Likewise, some of the studies in Cochrane’s review relied on participants to self-report their mask usage. That’s a big problem. In a study of masking in Kenya, 76% of participants self-reported masking in public, but the actual observed masking rate was only 5%.
The Cochrane Review Itself Repeatedly Acknowledged Its Limitations
As a group, Cochrane’s authors themselves listed the many limitations of their review that accounted for “the observed lack of effect of mask-wearing”: poor study design, lower adherence to mask-wearing (especially among children), the quality of the masks used, and more.
Commenting on Cochrane’s review, one medical fact-checker observed, “Each of these factors increases the risk of bias, reducing the reliability of [Cochrane’s] conclusions. In addition, while some studies confirmed the type of [COVID] infection by a laboratory test, many others relied on self-reporting to assess both mask-wearing and infection, further increasing the risk of bias.”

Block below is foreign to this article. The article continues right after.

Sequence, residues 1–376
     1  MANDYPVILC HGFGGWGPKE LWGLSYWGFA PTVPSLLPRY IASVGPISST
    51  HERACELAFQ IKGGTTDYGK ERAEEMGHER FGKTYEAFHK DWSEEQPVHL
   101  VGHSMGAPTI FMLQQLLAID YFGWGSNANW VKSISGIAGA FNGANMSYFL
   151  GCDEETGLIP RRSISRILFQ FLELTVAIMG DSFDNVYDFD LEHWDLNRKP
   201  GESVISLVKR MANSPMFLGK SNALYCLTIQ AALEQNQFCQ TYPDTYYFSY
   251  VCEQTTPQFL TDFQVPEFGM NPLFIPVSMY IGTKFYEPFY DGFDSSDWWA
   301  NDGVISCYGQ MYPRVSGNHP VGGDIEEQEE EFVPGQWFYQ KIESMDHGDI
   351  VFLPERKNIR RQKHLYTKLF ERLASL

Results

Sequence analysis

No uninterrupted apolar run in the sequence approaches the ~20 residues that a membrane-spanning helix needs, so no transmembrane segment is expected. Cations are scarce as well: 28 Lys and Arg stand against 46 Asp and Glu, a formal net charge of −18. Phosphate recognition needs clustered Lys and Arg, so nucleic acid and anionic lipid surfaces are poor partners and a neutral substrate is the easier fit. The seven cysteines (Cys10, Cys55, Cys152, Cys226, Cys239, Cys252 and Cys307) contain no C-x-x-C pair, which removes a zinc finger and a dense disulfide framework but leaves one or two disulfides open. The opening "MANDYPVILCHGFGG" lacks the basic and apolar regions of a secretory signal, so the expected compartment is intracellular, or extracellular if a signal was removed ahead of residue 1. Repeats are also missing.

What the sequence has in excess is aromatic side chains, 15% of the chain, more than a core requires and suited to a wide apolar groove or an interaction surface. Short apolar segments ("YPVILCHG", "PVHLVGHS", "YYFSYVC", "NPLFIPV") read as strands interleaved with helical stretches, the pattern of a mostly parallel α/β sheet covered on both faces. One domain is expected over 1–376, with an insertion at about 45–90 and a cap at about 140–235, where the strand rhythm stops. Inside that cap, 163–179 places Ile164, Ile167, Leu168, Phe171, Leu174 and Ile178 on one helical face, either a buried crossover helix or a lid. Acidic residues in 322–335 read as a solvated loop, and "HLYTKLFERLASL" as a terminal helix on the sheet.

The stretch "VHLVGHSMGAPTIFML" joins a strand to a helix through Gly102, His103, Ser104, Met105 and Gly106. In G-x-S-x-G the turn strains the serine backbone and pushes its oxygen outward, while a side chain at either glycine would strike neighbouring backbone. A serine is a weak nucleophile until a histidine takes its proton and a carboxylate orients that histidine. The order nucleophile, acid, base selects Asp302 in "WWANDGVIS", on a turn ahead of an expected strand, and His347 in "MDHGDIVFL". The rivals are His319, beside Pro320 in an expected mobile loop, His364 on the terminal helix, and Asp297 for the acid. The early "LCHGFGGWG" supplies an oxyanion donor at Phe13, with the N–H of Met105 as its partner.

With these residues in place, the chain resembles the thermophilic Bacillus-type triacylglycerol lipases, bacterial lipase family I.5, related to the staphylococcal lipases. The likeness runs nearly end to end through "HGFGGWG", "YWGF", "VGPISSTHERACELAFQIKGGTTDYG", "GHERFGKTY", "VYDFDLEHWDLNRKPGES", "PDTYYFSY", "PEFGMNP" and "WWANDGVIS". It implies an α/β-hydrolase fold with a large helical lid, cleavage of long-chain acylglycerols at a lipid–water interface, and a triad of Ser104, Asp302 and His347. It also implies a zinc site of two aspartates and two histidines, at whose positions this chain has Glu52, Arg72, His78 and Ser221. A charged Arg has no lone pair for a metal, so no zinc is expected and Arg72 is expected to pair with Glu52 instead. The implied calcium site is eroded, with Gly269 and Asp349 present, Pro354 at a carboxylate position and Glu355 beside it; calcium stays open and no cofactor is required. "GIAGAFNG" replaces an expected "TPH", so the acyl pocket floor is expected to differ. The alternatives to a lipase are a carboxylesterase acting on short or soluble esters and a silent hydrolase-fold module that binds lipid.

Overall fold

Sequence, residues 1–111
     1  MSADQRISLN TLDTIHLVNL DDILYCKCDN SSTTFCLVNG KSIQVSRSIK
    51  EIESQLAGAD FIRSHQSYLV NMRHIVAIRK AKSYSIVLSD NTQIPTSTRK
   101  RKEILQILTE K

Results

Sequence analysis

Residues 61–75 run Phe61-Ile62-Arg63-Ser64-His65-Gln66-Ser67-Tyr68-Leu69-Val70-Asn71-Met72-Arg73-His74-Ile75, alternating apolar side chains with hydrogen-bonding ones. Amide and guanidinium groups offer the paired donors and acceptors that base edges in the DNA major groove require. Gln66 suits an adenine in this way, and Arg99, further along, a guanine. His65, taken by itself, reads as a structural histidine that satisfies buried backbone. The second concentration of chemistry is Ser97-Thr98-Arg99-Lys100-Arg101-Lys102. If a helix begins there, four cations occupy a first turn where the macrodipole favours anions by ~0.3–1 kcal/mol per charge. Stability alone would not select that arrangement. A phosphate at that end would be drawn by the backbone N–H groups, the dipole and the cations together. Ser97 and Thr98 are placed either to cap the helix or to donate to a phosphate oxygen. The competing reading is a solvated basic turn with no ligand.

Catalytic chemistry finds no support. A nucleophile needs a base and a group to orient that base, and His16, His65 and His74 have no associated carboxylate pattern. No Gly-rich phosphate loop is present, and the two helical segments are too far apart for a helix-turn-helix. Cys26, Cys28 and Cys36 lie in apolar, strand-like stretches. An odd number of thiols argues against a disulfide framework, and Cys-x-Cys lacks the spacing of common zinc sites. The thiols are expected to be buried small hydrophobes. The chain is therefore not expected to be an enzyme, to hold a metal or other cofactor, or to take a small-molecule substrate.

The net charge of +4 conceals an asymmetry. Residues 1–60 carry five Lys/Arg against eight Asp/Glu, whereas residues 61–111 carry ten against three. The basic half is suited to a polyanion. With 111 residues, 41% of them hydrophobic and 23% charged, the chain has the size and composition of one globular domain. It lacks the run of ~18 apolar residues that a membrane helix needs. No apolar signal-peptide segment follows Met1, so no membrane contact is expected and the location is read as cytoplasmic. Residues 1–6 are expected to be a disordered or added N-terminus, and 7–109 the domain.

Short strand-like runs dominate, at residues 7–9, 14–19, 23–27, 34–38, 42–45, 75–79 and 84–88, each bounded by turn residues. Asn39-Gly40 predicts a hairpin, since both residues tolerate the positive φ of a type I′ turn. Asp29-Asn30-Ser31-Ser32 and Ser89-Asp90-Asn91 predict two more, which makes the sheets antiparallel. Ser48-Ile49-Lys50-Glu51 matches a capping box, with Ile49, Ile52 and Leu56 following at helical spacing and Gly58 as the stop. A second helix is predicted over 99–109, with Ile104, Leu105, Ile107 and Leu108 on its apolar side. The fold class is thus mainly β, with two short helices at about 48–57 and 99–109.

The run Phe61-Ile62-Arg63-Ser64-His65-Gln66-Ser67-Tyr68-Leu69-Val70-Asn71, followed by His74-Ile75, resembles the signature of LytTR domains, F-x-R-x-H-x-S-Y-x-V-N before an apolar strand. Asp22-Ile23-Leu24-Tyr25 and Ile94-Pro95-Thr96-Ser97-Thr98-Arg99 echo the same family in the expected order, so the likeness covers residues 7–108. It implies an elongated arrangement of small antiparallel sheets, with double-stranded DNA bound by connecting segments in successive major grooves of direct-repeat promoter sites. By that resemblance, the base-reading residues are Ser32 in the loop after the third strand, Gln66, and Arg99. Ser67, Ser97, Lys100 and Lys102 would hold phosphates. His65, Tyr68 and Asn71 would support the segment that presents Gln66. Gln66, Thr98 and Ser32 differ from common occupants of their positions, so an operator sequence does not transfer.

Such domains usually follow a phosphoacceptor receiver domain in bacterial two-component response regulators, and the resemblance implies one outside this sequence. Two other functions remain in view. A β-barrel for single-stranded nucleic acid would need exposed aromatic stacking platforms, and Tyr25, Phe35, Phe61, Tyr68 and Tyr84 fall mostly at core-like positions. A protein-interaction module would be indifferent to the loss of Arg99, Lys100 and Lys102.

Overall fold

All of which explains why Cochrane’s authors collectively expressly discounted their own conclusions about the effectiveness of population-level masking: “The high risk of bias in the trials, variation in outcome measurement, and relatively low adherence with the interventions during the studies hampers drawing firm conclusions.”
Again, the authors’ “plain language summary” accompanying the review noted: “Our confidence in these results is generally low to moderate for the subjective outcomes related to respiratory illness….”
In less technical terms: “garbage in, garbage out.”
The New York Times’ failure to fact-check Stephens on this critical public health issue has real-world consequences. It prolongs needless controversy over whether wearing masks protects individuals from COVID when the proven fact is that they do. As a result of Stephens’ rant, some people will decide not to wear a mask, even in high-risk settings. Some people will become ill. Some people will be hospitalized. Some people will die.